8. Benchmark Six Sigma Expert View by Venugopal R Process FMEA is usually done to evaluate the potential failure modes in a process that is newly developed or has undergone some modifications. For determining the probability of occurrence, the process capabilities and historical data from similar processes are taken as inputs and the ‘Occurrence ratings’ determined using the rating guidelines. The ‘Detection’ ratings are determined based on the existence and effectiveness of “Current Process Controls” that are meant to prevent the defect from going undetected. Strictly speaking, the idea of ‘Current Process Controls’ is to improve the detection and prevent the ‘occurred’ defects from escaping unnoticed and reach the internal or external customer. There are certain situations where the ‘detection’ is not practically easy. Some of you would recall the term ‘Special Processes’ introduced by the ISO 9000 standards. The quality characteristics of such processes cannot be fully assessed after the process is completed. One of the examples that I have experienced is that of ‘soldered joints’ on a PCB. Sometimes we may need elaborate testing or even destructive tests to fully evaluate such special characteristics. For these characteristics, by their inherent nature, the detection will be poor or the ‘Detection rating’ will be high in the FMEA. Here, it is extremely important that the ‘Occurrence’ possibilities are kept very low and hence a low Occurrence rating is essential. Coming more specifically to our question as to whether Process Controls help in affecting not just ‘Detection rating’, but can they also influence the ‘Occurrence rating’, I would like to take a look at the guidelines given for detection rating as per AIAG or any other major standard. For a Detection rating of 2, it says “Error detection in station (automatic gauging with automatic stop feature). For Detection rating of 1, it says “Discrepant parts cannot be made because item has been error proofed by process / product design”. Thus, if a particular failure mode gets 1 or 2 as detection rating, as per the above guidelines, it means that the occurrence of the defect has been eliminated! So, doesn’t it appear that due to effective process control, not only the detection rating has been made favorable, but also the occurrence rating? However, there’s one thing that I would like to add. In the above situation, we are highly dependent on some mistake proofing technique, that is very often dependent on technological methods. I would be concerned that one fine day the ‘mistake proofing’ shouldn’t fail to work, for which a ‘control’ to assure the continued effectiveness of the mistake-proofing would be essential. For example, while doing payment processing, one of the critical failures was a mistake in the cheque amount, which resulted in cheques being returned. An automated mistake proofing was successfully introduced for digital comparison of the cheque amount with the invoice amount using a script. However, a periodic validation to keep a watch that the script remains 'active and effective' is a necessary control to be introduced.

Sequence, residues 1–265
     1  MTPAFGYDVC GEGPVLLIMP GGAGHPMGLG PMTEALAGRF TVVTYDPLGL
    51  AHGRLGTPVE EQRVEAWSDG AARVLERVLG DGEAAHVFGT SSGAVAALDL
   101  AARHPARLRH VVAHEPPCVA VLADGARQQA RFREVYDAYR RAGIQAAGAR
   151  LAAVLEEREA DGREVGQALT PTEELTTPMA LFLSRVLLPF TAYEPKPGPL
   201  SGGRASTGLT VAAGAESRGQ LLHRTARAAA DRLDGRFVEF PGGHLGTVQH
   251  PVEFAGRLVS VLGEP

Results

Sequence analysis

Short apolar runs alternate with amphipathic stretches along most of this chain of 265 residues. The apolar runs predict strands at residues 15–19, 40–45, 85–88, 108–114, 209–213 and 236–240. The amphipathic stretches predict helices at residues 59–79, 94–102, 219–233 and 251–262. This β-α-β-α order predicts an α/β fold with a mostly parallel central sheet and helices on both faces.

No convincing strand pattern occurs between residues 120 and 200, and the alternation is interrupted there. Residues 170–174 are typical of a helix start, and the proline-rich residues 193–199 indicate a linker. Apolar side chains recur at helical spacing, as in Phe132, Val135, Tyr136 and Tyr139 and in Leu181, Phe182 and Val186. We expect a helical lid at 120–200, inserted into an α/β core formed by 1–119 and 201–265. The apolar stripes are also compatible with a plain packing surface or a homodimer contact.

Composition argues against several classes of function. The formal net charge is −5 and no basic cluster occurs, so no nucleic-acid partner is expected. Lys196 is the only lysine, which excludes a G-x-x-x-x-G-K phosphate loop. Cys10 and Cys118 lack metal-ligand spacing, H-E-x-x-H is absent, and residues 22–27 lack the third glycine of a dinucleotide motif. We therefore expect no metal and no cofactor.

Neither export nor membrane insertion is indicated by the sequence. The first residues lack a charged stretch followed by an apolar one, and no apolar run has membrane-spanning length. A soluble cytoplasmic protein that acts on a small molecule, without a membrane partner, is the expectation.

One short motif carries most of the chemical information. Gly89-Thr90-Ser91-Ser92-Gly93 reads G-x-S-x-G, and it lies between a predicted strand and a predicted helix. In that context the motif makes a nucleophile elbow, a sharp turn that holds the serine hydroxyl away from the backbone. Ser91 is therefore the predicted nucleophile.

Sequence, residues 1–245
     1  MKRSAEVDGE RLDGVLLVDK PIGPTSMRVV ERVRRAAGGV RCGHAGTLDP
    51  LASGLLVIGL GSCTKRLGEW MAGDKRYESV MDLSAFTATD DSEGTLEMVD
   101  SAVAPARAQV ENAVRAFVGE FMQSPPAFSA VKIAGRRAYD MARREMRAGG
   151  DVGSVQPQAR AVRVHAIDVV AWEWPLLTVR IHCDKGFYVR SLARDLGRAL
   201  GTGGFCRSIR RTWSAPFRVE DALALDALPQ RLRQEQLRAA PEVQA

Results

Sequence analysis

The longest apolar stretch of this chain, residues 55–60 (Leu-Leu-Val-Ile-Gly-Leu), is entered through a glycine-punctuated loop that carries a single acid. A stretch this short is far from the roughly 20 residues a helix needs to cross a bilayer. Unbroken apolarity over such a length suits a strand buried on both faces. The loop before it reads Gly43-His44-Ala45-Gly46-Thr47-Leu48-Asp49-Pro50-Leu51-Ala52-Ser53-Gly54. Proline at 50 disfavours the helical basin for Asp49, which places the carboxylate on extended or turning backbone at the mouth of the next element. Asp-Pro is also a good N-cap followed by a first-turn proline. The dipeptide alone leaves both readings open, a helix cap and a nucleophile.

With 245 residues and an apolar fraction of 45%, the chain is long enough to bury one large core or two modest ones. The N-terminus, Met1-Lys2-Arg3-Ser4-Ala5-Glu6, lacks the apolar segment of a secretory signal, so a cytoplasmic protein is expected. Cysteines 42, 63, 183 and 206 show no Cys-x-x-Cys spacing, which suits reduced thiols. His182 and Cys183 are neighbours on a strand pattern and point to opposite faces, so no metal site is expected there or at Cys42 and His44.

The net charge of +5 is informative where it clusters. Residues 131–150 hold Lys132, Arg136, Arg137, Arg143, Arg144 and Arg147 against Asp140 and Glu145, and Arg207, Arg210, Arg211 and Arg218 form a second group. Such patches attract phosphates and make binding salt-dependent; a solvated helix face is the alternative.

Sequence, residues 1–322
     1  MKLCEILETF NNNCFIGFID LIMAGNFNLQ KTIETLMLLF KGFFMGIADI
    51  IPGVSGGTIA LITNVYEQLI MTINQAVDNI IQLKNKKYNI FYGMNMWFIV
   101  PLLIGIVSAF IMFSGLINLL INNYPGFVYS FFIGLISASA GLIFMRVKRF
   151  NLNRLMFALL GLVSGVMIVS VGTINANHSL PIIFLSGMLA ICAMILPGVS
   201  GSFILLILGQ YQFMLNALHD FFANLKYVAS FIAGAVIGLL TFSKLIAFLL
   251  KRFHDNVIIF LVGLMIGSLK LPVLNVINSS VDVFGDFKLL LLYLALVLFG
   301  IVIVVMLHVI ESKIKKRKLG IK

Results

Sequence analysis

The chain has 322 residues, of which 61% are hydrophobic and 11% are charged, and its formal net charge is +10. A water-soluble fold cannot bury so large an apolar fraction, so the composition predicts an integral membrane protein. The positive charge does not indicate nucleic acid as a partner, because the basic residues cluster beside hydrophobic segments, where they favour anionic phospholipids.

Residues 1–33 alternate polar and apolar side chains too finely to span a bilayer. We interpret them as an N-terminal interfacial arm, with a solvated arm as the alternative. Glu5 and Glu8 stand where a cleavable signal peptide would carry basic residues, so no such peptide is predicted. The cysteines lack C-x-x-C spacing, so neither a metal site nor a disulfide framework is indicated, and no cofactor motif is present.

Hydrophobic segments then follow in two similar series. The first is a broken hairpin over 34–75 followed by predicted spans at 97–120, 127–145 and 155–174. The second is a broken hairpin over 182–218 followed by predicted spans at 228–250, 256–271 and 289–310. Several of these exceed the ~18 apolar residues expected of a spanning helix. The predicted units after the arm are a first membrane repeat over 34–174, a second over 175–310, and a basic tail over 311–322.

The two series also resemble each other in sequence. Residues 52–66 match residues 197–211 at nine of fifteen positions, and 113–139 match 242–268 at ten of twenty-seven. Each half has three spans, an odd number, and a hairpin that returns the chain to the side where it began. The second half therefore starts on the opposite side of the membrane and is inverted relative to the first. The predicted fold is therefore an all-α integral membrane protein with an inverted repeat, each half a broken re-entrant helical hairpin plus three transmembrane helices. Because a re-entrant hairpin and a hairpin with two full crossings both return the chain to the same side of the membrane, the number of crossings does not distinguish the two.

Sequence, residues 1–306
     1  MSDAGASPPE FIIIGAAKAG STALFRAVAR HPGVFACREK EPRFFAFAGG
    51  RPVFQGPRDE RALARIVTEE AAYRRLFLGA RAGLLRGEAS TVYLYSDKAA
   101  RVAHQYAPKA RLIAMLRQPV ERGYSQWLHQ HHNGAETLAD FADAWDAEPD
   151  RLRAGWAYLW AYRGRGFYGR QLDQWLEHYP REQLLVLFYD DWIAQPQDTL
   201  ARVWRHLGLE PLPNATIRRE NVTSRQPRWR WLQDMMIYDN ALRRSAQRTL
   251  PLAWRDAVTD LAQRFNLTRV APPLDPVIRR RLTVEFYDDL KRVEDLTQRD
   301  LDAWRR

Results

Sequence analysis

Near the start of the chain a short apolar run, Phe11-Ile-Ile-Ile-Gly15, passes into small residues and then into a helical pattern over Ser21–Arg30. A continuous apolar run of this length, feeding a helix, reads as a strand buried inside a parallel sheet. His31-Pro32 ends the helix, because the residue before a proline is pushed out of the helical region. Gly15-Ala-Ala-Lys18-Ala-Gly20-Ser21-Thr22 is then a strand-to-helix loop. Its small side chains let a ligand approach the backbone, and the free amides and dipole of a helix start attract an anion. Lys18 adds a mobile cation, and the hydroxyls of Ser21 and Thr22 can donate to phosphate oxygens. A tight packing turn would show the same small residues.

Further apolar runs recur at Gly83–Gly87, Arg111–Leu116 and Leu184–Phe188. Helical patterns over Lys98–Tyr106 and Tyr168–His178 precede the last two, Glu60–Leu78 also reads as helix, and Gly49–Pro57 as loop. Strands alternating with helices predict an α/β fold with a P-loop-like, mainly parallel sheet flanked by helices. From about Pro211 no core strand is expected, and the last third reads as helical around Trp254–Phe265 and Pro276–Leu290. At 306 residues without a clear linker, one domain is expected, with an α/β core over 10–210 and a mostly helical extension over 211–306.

9. Benchmark Six Sigma Expert View by Venugopal R People who are not trained or exposed to the principles of Control charts often find it difficult to understand the significance of the Control limits and their interpretation. A good understanding of control charts starts with understanding data types. Then one has to understand some probability theory. Then the principle of Normal distribution. Good clarity on Special and Common causes. Then preferably an insight into Central Limit Theorem. Such a foundation prepares a person to have a good grasp of the underlying principles of Control Charts, their different types and application of each type of chart and so on. Even with all this understanding, usually the control charts are used for the observing any points falling outside the control limits, though there are 8 rules defined to observe statistical instability. There still remains the confusion in the minds of some as to how the Control limits differ from the specification limits and some are not comfortable with out including the specification limits also on the control charts. The run charts are much simpler and their understanding and interpretation do not require the extent of subject knowledge as above. Run charts do not have ‘Control limits’ much to the relief of those who had discomfort with control limits of control charts. Those who use Minitab to create run charts would have seen the chart has p values pertaining to the types of instability viz. Mixtures, Clusters, Oscillations and Trends. I am not explaining these terms here, since I am sure many respondents will do a good job there. However, if we go through the rules to detect instability as per the control chart, we can see that not only the four terms that are used for run charts are well covered by those rules, but additional ones as well. One may choose to use Run charts or Control charts depending upon the situation and the ease of comprehension by stakeholders involved. In many instances, some of the instability observations will be quite evident on a run chart and one may proceed by taking decisions for improvement.